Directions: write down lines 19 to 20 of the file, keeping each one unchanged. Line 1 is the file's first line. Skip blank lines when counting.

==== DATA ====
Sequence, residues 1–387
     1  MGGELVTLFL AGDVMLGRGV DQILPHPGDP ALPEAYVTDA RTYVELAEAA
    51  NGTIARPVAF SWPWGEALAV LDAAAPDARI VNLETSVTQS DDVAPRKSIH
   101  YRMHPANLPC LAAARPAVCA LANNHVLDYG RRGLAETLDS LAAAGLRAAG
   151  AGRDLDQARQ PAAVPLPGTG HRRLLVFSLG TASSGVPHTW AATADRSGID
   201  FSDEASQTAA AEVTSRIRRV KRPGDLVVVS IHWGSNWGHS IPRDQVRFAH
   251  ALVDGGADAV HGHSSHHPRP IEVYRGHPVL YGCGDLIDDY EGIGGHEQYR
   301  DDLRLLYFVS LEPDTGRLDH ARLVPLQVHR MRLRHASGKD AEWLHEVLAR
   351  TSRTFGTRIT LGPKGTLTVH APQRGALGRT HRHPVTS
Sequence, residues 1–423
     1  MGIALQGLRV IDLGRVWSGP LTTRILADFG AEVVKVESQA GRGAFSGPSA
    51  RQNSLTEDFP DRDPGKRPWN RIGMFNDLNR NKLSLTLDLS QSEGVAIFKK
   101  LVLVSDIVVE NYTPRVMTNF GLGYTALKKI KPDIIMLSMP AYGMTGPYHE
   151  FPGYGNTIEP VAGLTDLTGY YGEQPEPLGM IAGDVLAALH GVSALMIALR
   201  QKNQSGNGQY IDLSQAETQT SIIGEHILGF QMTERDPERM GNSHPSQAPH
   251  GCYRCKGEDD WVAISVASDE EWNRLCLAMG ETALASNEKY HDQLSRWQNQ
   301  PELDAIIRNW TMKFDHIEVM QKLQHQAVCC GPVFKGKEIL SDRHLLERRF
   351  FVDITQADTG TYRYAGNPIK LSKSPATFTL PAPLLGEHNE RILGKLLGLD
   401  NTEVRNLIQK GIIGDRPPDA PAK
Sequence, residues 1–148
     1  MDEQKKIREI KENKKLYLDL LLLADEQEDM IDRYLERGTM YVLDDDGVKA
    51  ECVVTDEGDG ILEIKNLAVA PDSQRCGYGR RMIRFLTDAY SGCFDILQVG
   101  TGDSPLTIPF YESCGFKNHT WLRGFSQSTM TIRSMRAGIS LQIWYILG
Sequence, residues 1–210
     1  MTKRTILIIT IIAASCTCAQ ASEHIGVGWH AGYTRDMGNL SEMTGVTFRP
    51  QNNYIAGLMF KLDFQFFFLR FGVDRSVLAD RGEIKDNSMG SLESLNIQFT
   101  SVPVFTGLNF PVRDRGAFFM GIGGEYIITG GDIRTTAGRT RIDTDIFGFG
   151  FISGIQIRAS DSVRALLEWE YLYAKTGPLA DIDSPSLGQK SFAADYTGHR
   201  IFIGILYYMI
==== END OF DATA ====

   401  NTEVRNLIQK GIIGDRPPDA PAK
Sequence, residues 1–148